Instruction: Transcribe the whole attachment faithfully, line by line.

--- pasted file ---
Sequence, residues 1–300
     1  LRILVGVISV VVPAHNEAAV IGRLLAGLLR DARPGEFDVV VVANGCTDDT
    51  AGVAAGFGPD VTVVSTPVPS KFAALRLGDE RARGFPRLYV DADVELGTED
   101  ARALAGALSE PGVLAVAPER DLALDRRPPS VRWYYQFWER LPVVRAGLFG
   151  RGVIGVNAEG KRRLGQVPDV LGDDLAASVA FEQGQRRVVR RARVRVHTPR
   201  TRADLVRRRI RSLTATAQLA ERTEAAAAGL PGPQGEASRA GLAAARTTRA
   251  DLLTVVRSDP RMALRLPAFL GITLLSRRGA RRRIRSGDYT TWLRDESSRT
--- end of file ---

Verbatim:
Sequence, residues 1–300
     1  LRILVGVISV VVPAHNEAAV IGRLLAGLLR DARPGEFDVV VVANGCTDDT
    51  AGVAAGFGPD VTVVSTPVPS KFAALRLGDE RARGFPRLYV DADVELGTED
   101  ARALAGALSE PGVLAVAPER DLALDRRPPS VRWYYQFWER LPVVRAGLFG
   151  RGVIGVNAEG KRRLGQVPDV LGDDLAASVA FEQGQRRVVR RARVRVHTPR
   201  TRADLVRRRI RSLTATAQLA ERTEAAAAGL PGPQGEASRA GLAAARTTRA
   251  DLLTVVRSDP RMALRLPAFL GITLLSRRGA RRRIRSGDYT TWLRDESSRT